Foreword from the Book:
The distinction between intellectual Catholicism and popular Catholicism has been made more than once in an invidious spirit of destructive criticism.
It has been said that the Catholicism of the crowd is something very different from the Catholicism offered to the intellectual elite.
We need not reject in principle this distinction; but there is no earthly reason for our opposing popular Catholicism to intellectual Catholicism. Christianity has indeed an immense attraction for what is best in man’s intellect, but it has also a distinctly popular side. It is a life full of poetry and romance, replete with practical issues; it has all the charm of true myths without any errors; it is a religion which a whole people may make into a racial and national thing, in the true sense of the terms, with traditions and heroes and wonders and miracles far beyond the imagination of the ancient mythologies. If Catholicism be truly the presence of the Son of God amongst Bien, the marvellous, far from being the unusual and exceptional, ought to be the natural atmosphere in which a Catholic people has its being.
It has always seemed to me that St. Gregory the Great is the most perfect embodiment of that happy union of intellectual and popular Christianity. St. Gregory is truly one of the Church’s great Doctors, a worthy successor of St. Augustine of Hippo in the supremacy of mind.
St. Gregory’s contribution to Christian theology is immense. But St. Gregory is also the author of the book of the Dialogues, that wonderful and fascinating compilation of the pious legends of his period. St. Gregory is the great administrator whose genius for ruling no man has ever doubted, yet he is best known to us as the teacher of sacred music, surrounded by juvenile choristers whom he initiates into the mysteries of ecclesiastical psalmody. The Holy Ghost, under the figure of a Dove, is perched on his shoulder in order to keep him from erring, not only in matters of Faith but also in matters of musical harmony.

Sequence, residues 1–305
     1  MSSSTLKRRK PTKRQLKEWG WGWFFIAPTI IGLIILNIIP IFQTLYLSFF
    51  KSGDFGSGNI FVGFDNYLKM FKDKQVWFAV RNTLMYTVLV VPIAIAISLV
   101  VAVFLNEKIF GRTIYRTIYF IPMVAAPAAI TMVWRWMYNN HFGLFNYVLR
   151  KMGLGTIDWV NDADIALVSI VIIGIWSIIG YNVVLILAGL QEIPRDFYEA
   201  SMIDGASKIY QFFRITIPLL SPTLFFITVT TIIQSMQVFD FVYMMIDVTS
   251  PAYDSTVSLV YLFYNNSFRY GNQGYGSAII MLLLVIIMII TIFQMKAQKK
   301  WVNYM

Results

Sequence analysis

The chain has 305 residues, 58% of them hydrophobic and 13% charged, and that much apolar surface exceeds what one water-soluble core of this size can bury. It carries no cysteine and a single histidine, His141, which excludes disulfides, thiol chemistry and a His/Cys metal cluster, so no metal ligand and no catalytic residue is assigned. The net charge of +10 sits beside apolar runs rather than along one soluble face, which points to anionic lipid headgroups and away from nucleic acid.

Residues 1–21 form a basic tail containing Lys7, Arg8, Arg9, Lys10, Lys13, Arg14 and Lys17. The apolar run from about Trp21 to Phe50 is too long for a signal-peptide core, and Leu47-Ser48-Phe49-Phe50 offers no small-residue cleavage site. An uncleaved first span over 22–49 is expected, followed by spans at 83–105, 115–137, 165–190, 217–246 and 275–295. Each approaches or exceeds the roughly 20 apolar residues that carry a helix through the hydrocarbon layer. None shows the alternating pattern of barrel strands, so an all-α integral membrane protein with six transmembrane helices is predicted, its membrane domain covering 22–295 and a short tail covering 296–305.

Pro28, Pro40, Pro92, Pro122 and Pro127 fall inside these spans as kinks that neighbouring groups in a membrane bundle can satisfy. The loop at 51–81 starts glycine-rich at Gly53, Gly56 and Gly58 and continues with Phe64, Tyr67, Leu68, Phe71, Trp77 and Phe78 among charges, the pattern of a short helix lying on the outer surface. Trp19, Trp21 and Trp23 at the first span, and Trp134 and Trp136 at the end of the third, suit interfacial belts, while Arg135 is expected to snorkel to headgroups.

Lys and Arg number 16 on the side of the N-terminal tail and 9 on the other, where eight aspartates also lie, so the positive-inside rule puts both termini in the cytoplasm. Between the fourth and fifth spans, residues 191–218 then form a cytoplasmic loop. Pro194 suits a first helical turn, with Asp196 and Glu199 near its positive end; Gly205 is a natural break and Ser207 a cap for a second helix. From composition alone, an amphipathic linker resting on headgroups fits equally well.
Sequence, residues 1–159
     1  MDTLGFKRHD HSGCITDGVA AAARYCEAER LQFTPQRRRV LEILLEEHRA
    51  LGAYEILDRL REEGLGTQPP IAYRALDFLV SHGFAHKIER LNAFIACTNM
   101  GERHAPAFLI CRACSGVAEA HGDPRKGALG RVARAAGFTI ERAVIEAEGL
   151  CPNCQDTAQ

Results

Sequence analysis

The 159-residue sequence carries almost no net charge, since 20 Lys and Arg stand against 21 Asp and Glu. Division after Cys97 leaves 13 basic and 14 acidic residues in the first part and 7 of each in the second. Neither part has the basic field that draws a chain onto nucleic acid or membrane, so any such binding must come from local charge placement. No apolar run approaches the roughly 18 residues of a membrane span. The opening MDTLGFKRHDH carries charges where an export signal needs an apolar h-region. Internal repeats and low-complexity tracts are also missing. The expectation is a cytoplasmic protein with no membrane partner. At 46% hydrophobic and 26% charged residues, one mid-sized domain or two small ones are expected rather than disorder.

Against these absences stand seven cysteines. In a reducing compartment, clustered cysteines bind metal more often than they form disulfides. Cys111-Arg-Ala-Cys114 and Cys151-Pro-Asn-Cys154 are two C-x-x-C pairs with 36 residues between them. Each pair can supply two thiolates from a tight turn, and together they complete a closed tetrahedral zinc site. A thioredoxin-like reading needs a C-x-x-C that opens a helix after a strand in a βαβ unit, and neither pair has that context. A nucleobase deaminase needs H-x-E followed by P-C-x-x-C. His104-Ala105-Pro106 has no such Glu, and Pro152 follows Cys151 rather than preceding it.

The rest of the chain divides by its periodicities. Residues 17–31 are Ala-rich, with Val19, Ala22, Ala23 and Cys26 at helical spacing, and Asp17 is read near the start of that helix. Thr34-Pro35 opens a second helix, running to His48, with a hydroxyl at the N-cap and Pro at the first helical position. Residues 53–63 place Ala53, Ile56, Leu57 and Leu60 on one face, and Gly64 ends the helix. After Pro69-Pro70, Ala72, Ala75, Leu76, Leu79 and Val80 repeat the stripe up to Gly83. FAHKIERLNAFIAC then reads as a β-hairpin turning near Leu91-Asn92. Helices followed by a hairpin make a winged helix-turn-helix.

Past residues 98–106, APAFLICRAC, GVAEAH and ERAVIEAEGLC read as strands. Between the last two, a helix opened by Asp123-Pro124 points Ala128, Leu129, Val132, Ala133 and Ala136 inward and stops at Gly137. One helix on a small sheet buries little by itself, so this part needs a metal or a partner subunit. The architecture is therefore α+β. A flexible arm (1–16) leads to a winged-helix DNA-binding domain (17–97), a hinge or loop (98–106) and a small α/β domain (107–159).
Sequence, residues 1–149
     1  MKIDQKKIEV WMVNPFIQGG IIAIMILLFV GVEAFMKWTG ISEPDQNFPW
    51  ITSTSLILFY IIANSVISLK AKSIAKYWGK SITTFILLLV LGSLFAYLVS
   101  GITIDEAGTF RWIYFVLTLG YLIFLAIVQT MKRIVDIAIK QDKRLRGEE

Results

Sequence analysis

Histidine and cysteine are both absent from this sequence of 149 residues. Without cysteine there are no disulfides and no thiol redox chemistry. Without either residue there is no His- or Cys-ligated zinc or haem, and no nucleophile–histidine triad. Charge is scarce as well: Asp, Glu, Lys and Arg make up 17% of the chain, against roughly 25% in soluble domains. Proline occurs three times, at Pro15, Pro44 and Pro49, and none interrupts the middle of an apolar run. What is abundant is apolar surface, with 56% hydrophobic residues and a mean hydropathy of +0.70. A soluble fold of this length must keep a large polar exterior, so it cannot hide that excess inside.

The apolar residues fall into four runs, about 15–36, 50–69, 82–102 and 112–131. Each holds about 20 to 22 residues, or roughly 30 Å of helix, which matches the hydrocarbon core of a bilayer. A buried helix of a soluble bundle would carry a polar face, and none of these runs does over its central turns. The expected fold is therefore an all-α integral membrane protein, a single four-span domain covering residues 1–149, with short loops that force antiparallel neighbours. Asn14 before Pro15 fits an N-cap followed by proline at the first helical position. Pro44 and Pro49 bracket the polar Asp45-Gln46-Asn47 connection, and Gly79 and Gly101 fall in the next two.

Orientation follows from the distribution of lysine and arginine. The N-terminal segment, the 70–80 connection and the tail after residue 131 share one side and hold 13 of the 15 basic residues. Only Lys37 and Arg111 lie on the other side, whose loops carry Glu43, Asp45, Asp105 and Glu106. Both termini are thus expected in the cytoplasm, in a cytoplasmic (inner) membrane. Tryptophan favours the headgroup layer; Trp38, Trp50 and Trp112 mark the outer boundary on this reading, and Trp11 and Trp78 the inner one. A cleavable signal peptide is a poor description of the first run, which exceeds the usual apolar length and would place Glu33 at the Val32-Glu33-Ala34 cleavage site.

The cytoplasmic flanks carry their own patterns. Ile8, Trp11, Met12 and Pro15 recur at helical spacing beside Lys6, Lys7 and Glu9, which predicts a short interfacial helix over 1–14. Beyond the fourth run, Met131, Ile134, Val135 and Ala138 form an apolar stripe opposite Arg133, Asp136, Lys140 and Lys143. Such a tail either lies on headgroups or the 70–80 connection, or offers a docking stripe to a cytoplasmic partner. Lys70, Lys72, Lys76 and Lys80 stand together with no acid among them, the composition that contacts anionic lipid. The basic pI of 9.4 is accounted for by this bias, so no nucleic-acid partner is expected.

The voluminous writings of St. Gregory, his vast epistolary activities, reveal to us a Catholicism both intellectual and popular, which has not changed since his day. In every page of the Dialogues, for instance, you find anecdotes which fit to a nicety into the Catholic life of an Italian village of our own day. We act, we pray, we believe, we fear, we hope, as did the Catholics all over the world in the days of St. Gregory. We say Masses for the dead, we expect the deliverance of souls from Purgatory, we believe in the miraculous, in small things and in great, as did the people who figure in St. Gregory’s Dialogues. Our infidelities to grace and our shortcomings are the infidelities and shortcomings of monks and nuns and other good people who tried their best for the love of Christ in the Italian towns and villages, of which St. Gregory makes such an elaborate and accurate enumeration. Many go straight to Heaven at death, in the days of St. Gregory, perhaps oftener than we dare to hope in our own days. Many there are who are seen in the flames of Purgatory asking for Masses and confessing the peccadilloes that made them unworthy of a speedy ascent to Heaven. St. Peter is seen assisting at the death bed of some favourite client of his, whilst on the other hand, some careless Catholic is frightened out of his wits by the presence of the old enemy when the last hour approaches. There are haunted houses, and houses full of angelic influences; there are miracles of the first magnitude, and there is divine intervention in favour of the Christian housewife whose hens are being stolen by a wily fox. In a word, St. Gregory’s fertile pen portrays for us a complete, all-round, healthy Catholic life, such as the Middle Ages have known it, such as we love it ourselves. The background of all that multitudinous life of intensely practical Christianity is the monumental assertion of the intellectual truths of our Faith.
Anyone who makes us love St. Gregory the Great does our Faith a great service. The present well-written volume cannot fail to endear the great Pope to every reader. But we ought not to stop there: we ought to read St. Gregory himself. There are good English translations of large portions of his works. The Dialogues, for instance, are accessible to everyone. St. Gregory’s charm is contagious. You seem to be living in the sixth century, and you feel that you have met in your own lifetime the very class of people whom St. Gregory describes so well.
The great Pope was surrounded on all sides by the ruins of the Roman Empire; the Roman Eagle had lost “all its feathers.” Gregory felt this great downfall most keenly, as he was a Roman of the Romans. Yet there is a constant vein of optimism in his view of things. There is a kind of playfulness of divine mercies which gives a charm even to such reprobate barbarians as Totila, king of the Goths. The heathen Barbarians were putting Catholic Italy to fire and sword; and Catholic Italy, full of faith in God’s mercies, smiled at the Barbarians and converted them to the Faith of Gregory, the successor of Peter.
AUSCAR VONIER, O.S.B.
Abbot of Buckfast.